Line Stopping Procedure

Liability is inherent in- service disruptions along with the possible expensive lawsuits, which could follow from the lack of water.  Hospitals, manufacturing plants, restaurants, and homes ALWAYS need water.  The legal precedent has already been set where utilities have been SUED and LOST due to planned maintenance shutdown.

  1. A line stop fitting is bolted or welded on to the pipe and support blocking placed underfitting, and a tapping gate valve is then mounted, and the tapping machine is bolted on to the assembly.
  2. With the gate valve open.  The shell cutter taps (cuts) a hole in the pipe and the cutter with pipe coupon is retracted.
  3. The gate valve is then closed, and the tapper can be removed. The line stopping machine is mounted and bolted to a temporary gate valve.
  4. The gate valve is reopened, so the line stop head can be inserted into the pipe to stop the flow.  Pipework on the isolated sections can now be accomplished.
  5. The line stop head is retracted, and the gate valve is closed again and the line stopping machine can be removed.
  6. The tapper is remounted with the completion plug and plug inserting shaft assembly, and the tapper is bolted to the gate valve, then the gate valve is opened so the completion plug can be threaded into the fitting and tighten.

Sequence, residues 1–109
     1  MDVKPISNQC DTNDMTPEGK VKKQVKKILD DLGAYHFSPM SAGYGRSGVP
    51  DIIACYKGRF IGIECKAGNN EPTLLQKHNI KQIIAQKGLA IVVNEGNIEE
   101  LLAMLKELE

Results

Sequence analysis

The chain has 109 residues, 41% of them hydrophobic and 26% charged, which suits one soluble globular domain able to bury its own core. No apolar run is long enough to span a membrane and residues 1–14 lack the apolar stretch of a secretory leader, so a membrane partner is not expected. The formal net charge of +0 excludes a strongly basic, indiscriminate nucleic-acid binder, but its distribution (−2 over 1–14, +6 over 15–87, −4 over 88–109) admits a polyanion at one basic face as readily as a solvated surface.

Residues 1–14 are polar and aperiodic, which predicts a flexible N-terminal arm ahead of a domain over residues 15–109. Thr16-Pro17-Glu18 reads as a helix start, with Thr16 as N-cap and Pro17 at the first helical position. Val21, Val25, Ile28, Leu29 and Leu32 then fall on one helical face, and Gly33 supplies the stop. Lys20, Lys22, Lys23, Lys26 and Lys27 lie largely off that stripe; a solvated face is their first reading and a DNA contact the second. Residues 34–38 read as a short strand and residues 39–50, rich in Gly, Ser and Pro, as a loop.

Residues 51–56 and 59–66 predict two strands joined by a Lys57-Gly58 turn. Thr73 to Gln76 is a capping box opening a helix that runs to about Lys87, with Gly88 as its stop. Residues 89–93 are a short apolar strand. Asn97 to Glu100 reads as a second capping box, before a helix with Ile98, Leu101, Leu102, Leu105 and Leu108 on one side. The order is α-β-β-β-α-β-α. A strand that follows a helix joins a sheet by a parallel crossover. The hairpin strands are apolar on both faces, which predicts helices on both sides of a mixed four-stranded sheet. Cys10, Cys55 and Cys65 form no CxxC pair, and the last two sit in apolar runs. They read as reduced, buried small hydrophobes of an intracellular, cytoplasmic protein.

7. The Plug inserting shaft is retracted, and the gate valve is removed along with the tapper.
  8. The blind flange is bolted to the fitting which will remain on the pipe. This fitting can be re-used at any time if a future line stop is required.

Line Stopping Services

Line-Stopping will eliminate the need to employ obsolete and costly methods of dealing with valve and hydrant problems, as well as the general maintenance of water or other liquid distribution systems used by municipalities. It eliminates complete water system shutdowns that create major service disruptions while needed repair or replacement work is being done. Ordinary methods are time-consuming and costly, not only from repair man-hour costs but also from lost revenues. Simply stated, when water flow stops, revenue stops.

Midwest Chlorinating Inc.

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  • OVERTIME because routine work can be done under pressure and during normal working hours instead of nights or on weekends. 
  • DELAYS in getting a system back in service such as:
  • Rechlorinization problems
  • Issuing of “boil” orders 
  • Loosening up of deposits in old lines resulting in dirty, discolored water from faucets. 
  • UNKNOWN COSTS since costs are fixed there is no concern about breaking jammed valves and pipe diameter differentials.
  • LACK OF FIRE PROTECTION due to main shutdowns. Since the system stays under pressure and is no drained, there is no downtime to wait for the system to recharge.